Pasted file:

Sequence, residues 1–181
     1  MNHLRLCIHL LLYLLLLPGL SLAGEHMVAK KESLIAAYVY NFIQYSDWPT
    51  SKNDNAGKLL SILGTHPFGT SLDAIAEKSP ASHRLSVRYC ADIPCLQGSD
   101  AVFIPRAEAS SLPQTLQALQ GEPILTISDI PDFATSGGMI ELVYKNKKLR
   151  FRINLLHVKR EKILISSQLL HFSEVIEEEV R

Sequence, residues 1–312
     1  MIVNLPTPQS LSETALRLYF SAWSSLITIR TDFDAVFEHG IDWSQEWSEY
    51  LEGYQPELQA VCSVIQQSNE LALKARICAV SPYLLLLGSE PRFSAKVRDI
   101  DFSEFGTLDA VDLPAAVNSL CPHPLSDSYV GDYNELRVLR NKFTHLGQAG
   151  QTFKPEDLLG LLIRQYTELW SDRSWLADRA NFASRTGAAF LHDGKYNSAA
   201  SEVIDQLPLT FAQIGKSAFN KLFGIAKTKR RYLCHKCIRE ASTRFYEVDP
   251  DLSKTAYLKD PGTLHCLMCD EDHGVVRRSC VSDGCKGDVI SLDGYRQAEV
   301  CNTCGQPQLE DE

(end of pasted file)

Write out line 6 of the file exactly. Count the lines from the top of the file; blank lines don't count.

Sequence, residues 1–312